Please use this identifier to cite or link to this item:
Full metadata record
DC FieldValueLanguage
dc.contributor.authorCaswell, Joseph M.-
dc.description.abstractThe study of cardiovascular health involves myriad scientific disciplines associated with diverse factors that contribute to health which further necessitates interdisciplinary endeavors. The current series of studies concern cardiovascular health from multiple interdisciplinary perspectives including biomedical signal processing, heliobiology, and public health, with a particular focus on quantitative methods throughout. The first study examined heart rate variability (HRV) derived from healthy and arrhythmia human electrocardiograph records. Data processed using wavelet entropy was quantitatively novel compared to traditional indices of HRV and also demonstrated significant accuracy for prediction and classification of arrhythmia. Next, heliobiological perspectives of cardiovascular physiology were examined beginning with experimental verification of previous correlational results. Artificially simulated geomagnetic impulses were associated with significant increases in participant HRV, particularly for frequency-based components. An additional pilot case study demonstrated similar effects for natural geomagnetic storms, while a nonlinear relationship was observed overall for HRV and geomagnetic activity. National data regarding mortalities due to hypertensive diseases in Canada from 1979 to 2009 were aggregated and investigated for periodic components and relationships with space weather parameters. Time-lagged linear correlations were observed along with conspicuously overlapping temporal trends, for which geomagnetic activity and solar wind pressures were identified as central sources of variance. Finally, three ecological cross-sectional studies investigated sub-provincial cardiovascular concerns across Canada at the health region level with emphasis on demography and spatial statistics. Hospitalizations due to myocardial infarction demonstrated significant relationships with socioeconomic and behavioral factors as well as significant geospatial clustering of high rates in Northern Ontario and Quebec. Aggregate rates of self-reported hypertension were similarly related to income and demographics with spatial results demonstrating high rates clustered in the North Atlantic, particularly Newfoundland. Furthermore, analyses for hypertension specifically among older adult Canadians (≥ 65 years of age) suggested that education was the strongest contributor at the health region level and there were no significant spatial relationships, in contrast to age-standardized rates. Various implications and other relevant associations are discussed throughout.en_CA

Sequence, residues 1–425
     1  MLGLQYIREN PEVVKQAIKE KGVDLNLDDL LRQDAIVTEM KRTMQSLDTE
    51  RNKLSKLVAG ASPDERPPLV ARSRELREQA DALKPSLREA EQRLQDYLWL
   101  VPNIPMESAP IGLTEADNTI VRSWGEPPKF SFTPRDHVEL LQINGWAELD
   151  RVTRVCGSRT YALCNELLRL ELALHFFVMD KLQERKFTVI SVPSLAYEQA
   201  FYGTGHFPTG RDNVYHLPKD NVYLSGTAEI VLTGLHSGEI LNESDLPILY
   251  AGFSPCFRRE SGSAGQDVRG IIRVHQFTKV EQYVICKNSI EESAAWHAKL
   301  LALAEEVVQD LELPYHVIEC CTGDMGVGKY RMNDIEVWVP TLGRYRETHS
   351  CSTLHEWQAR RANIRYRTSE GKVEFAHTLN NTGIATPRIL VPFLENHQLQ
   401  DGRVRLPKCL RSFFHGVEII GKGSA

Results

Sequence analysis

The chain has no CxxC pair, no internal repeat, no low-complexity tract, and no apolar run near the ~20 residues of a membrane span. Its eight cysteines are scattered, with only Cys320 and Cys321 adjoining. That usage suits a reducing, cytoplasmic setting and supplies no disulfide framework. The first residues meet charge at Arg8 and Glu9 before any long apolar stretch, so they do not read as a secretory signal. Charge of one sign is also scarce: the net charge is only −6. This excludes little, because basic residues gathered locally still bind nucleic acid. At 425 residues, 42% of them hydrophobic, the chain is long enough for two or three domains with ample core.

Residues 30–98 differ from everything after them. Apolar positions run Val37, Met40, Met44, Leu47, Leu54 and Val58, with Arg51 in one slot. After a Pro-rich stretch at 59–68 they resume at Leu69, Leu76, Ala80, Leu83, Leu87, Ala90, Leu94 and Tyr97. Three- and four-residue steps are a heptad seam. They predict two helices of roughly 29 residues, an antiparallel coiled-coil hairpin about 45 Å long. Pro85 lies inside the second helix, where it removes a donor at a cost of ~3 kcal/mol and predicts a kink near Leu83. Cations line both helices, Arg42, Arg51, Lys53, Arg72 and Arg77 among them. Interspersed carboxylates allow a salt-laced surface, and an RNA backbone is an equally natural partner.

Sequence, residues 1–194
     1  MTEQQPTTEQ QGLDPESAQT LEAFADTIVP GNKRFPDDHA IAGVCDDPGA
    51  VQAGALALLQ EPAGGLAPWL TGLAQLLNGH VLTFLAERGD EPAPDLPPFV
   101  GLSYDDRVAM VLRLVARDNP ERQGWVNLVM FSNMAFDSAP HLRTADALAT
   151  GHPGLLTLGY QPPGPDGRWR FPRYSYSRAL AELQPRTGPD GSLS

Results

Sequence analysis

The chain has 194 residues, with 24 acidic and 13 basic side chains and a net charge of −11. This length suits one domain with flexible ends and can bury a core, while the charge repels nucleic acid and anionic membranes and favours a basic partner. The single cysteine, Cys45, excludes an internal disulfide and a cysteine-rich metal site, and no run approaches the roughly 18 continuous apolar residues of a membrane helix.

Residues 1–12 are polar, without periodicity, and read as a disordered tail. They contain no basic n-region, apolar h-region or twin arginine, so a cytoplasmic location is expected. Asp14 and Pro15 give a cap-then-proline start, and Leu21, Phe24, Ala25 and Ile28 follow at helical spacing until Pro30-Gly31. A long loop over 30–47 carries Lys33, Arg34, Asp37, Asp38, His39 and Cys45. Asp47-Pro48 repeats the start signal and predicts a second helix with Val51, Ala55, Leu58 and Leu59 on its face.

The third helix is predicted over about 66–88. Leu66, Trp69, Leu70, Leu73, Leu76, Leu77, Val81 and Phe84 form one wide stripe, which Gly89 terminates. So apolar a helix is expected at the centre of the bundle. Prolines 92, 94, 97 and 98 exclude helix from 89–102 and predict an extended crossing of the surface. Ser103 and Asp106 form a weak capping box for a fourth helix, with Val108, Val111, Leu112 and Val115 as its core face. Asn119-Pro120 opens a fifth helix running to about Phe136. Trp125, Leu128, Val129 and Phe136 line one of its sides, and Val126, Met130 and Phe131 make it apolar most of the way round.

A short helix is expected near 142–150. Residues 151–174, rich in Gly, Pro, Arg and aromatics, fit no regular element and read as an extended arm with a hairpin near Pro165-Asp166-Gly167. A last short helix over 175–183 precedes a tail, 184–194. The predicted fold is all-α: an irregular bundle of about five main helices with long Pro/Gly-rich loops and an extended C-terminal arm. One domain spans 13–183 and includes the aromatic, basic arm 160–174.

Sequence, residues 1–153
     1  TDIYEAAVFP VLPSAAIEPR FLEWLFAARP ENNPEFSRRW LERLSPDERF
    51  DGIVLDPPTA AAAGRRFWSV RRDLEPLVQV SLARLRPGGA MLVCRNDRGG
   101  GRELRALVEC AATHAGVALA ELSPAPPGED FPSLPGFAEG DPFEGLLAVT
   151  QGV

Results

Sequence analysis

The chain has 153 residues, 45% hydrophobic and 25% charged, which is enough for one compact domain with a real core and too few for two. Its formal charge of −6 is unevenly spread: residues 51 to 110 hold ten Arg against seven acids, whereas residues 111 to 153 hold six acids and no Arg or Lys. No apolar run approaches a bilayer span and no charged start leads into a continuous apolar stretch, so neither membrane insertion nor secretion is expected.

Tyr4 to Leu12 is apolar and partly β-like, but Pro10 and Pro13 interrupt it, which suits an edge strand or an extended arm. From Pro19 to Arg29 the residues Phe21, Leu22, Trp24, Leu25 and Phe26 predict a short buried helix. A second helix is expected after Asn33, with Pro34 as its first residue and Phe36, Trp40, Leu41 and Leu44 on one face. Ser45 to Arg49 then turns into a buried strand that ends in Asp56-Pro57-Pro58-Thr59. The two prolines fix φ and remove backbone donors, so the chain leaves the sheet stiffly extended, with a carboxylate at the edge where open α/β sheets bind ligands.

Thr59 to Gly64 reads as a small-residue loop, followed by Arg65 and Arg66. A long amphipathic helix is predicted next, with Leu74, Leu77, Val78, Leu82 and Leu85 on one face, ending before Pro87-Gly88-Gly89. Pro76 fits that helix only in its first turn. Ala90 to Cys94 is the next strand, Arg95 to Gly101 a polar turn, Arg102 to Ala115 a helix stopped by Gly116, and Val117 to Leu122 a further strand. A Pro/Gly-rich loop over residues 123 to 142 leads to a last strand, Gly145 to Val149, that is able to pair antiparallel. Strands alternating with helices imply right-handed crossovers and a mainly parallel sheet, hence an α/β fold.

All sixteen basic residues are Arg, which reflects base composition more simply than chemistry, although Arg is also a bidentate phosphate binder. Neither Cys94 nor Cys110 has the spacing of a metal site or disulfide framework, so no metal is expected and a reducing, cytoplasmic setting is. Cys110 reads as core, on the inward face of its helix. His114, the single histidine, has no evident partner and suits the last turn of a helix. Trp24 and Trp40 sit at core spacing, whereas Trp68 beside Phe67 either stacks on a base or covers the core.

dc.subjectcardiovascular healthen_CA
dc.subjectmultivariate statisticsen_CA
dc.subjectsignal processingen_CA
dc.subjectspatial statisticsen_CA
dc.subjectpublic healthen_CA
dc.subjectheart rate variabilityen_CA
dc.subjectgeneralized linear modelsen_CA
dc.subjecttime series analysisen_CA
dc.subjectspace weatheren_CA
dc.subjectnonlinear modelsen_CA
dc.subjectsolar activityen_CA
dc.subjectgeomagnetic activityen_CA
dc.subjectmyocardial infarctionen_CA
dc.subjectsocioeconomic determinants of healthen_CA
dc.titleInterdisciplinary cardiovascular health research: quantitative methods, heliogeophysical influence, demographics, and spatial trendsen_CA
dc.description.degreeDoctor of Philosophy (PhD) in Human Studiesen_CA
dc.publisher.grantorLaurentian University of Sudburyen_CA
Appears in Collections:Doctoral Theses
Human Studies and Interdisiplinarity - Doctoral Theses

Files in This Item:
File Description SizeFormat 
JC_PhDdissertation_final.pdf3.51 MBAdobe PDFThumbnail

Items in LU|ZONE|UL are protected by copyright, with all rights reserved, unless otherwise indicated.